The famed Chinese philosopher Confucius is reported to have said "Music produces a kind of pleasure that human nature can not do without."
Here are some facts which would support his claim !

Fact One - Over half of the students at Rockland Creative Music Centre share a lesson with a family member.
This means, Families who play together, stay together. Playing music in groups demands communication and co-operation, so we actually bond with the people we play music with.

Fact Two - Playing an instrument engages both sides of the human brain.
This means, becoming a musician makes you not only more attractive and interesting but actually smarter too !

Fact Three - Becoming a musician helps you to learn how to be responsible.
For Example, maintenance and care are required to keep instruments working. Practice makes progress, so keeping to a practice schedule is a must. Remembering lesson times and homework tasks also help us become responsible with our time and energies. Responsibility is like a muscle, it has to be exercised before it can grow. Playing music is a great way to build your self-discipline !

Fact Four - Performing music makes you feel better.
How so ? Playing music stimulates endorphin production. Researchers led by Oxford psychology professor Robin Dunbar conducted a series of experiments to see if performing music increased people's pain tolerance. Dunbar used pain tolerance as a measure of endorphin release rather than directly measuring endorphin levels in the bloodstream, on the widely accepted assumption that an observable effect of endorphin release is increased pain tolerance.

The experiment setups varied. In one, Dunbar's group tested whether people who had been to a charismatic church service, with lots of communal singing, clapping and upper-body movement, had greater post-church pain tolerance than people who had been to a more placid Anglican prayer meeting. In another, they tested whether people who had been playing in a drum circle had greater pain tolerance than people who had passively listened to music or watched an instructional video. In a third, they compared pain tolerance between people who had been dancing and people who had been rehearsing music, and they frequently interrupted the musicians in the hope that the musicians wouldn't be able to achieve flow.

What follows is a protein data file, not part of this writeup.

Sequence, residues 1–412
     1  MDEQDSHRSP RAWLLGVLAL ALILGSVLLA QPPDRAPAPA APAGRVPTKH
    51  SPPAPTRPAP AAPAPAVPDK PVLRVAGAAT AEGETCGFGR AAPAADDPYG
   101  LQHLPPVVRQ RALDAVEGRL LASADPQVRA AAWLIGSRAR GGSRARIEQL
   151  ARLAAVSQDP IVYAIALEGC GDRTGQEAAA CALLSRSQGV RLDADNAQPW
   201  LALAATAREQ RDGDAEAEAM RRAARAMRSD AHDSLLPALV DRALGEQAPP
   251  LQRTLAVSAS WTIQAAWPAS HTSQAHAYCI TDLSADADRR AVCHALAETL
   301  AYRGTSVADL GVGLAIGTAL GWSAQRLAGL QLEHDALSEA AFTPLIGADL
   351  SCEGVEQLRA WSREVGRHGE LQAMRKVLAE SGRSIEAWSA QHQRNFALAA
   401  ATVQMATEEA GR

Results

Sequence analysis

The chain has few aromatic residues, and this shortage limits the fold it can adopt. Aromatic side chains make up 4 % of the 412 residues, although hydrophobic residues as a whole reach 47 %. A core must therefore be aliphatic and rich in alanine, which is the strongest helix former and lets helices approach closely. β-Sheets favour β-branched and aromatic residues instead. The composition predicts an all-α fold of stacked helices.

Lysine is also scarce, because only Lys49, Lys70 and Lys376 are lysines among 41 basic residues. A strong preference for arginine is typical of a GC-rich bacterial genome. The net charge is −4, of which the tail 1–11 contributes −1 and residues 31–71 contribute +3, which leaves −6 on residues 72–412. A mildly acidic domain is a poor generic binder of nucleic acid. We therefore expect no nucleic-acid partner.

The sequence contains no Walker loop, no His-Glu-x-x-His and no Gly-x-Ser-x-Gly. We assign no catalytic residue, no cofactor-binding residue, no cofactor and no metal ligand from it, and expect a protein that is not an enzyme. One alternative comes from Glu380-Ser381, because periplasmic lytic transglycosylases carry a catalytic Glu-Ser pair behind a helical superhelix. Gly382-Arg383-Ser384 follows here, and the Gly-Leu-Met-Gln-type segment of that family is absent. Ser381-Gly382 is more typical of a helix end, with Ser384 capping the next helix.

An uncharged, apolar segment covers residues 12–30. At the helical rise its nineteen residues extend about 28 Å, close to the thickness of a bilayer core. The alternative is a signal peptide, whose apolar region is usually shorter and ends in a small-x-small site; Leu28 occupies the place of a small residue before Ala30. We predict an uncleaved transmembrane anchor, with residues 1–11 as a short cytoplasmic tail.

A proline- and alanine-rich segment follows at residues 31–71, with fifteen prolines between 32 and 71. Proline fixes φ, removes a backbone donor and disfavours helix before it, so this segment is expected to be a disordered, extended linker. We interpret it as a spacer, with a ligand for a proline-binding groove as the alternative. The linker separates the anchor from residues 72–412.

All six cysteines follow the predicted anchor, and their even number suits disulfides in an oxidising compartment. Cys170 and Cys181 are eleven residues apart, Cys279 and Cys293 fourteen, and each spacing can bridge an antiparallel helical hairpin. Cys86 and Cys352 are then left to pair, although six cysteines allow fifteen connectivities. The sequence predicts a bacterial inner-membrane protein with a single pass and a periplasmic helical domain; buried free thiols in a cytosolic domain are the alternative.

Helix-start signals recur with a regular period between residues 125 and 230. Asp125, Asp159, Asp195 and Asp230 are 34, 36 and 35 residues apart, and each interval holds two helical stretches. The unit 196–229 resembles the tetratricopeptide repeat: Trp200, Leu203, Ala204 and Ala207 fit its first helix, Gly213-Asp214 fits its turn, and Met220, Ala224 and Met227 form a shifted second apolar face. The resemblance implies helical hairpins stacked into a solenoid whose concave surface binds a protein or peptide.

In all the experiments, the active groups -- the singing churchgoers, the drummers, the dancers -- had significantly greater pain tolerance than the more passive groups. Performing music, Dunbar said, released endorphins, which are associated not only with greater pain tolerance. "Psychologically, endorphin release is experienced as a mild opiate 'high,' a corresponding feeling of well-being, and light analgesia," he wrote.

Fact Five - Playing Music gives lifts our self-esteem.
Really ? Yes. Every small success raises our sense of achievement. If you feel like you aren't progressing, then take a serious look at where you were one year ago. I can safely affirm that every single one who has been learning music with me for more than 1 month, has advanced musically. If you're reading this at all, you're learning. You're better than you used to be. You've improved. You can pat yourself on the back. Well done. You're an achiever. You're doing what you set out to do and its working for you !